Thumbs Up! Thumbs Down!
“Could I give you some feedback?”
Just reading these words brings a rush of adrenaline.
Thumbs up. Thumbs down. We are continually assessed, evaluated, rated, offered feedback. It began at home: do this, don’t do that, “No!” And continued from kindergarten: 300 assignments, papers, and tests per year of school. And in debates at work over which process works best, how to analyze the data flood, and where to spend the shrinking budget. And don’t forget performance reviews: hundreds of hours are spent preparing and engaging in that annual process.
Our entire lives we’ve received feedback: how to do it better, change, improve, and grow. Sometimes the feedback is immediately useful. But at other times it is off base, poorly delivered, or offered without understanding of our situation. Done badly, feedback can leave us angry, demoralized, and unappreciated.
Why is receiving feedback hard? How can we use challenging and even crazy-making feedback to gain insight and succeed?
Our first reaction after hearing feedback is to identify why it is wrong. And there is likely something wrong about all feedback: lack of understanding you, the situation, or even flat-out incorrect: Telling me to mentor people when that is your goal, not mine. Critiquing my new plan for training while forgetting that your plan doesn’t include an online component or even require electricity. Suggesting that 2+2=7. Once we’ve identified the mistake, we stop listening.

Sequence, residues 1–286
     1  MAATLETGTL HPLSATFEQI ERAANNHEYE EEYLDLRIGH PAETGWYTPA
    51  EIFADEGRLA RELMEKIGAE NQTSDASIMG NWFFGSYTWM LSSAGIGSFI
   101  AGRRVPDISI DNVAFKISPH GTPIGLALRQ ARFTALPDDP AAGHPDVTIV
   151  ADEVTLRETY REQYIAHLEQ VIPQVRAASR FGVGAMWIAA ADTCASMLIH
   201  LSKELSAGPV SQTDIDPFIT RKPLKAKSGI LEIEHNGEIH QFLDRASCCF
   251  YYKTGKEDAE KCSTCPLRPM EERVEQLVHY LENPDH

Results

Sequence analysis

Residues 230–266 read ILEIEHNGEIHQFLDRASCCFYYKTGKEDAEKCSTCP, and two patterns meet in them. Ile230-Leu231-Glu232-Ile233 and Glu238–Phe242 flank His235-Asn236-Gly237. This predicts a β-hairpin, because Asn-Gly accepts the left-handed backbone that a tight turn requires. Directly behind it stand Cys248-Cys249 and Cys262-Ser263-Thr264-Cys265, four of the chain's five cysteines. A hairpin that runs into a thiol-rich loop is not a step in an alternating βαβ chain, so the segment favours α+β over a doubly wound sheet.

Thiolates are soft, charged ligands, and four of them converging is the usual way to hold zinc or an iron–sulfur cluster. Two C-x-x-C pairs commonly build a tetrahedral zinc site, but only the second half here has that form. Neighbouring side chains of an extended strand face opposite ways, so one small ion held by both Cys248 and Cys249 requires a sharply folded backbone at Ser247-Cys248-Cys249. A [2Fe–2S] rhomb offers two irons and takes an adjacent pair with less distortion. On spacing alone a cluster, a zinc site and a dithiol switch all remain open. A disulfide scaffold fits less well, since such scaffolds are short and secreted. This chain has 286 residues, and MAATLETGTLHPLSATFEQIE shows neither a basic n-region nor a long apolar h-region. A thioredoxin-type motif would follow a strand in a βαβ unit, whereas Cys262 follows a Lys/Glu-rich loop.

The challenge is to recognize our defensiveness and choose a different path.
Begin with identifying what is being offered. Feedback is a word that wears different masks. Are you being offered appreciation that encourages and motivates? Coaching that increases knowledge, skills, and abilities with an opportunity for growth? Or, it is evaluation that describes expectations and where you stand in relationship? Even when we’ve identified what is being offered, it can still be hard to understand and easy to dismiss.
Feedback often falls into one of three categories: helping you, helping the person offering feedback and your relationship, or helping the organization or team. Here are three strategies for moving beyond defensiveness and toward discovery for each category: identify your reaction, make the pitfall shift, listen, and ask follow-up questions.
- Reaction: That’s not who I am! Or, that’s wrong!
Pitfall shift: from You are wrong. to That statement is inaccurate.
Listen for: information that I don’t have, the other person’s perspective, impacts that I am creating without being aware
Ask: Do you have an example? What are you concerned about in this situation? How do my actions impact you or the organization?
- Reaction: Really – after all my hard work? Or,you are the problem here, not me!
Pitfall shift: from This is not my fault. to I can see my part; let’s look at the bigger picture because there a multiple things at play here.
Listen for: what the system issues are, for the relationship issues, including what each person is contributing or not contributing to the issues.
Ask: Help me understand what you are saying; then, I’d like to discuss how/when/why you are offering this feedback and my concerns. How do you experience me contributing to this issue; what is most upsetting to you?
- Reaction: I always make mistakes and mess things up. I’m a failure, right?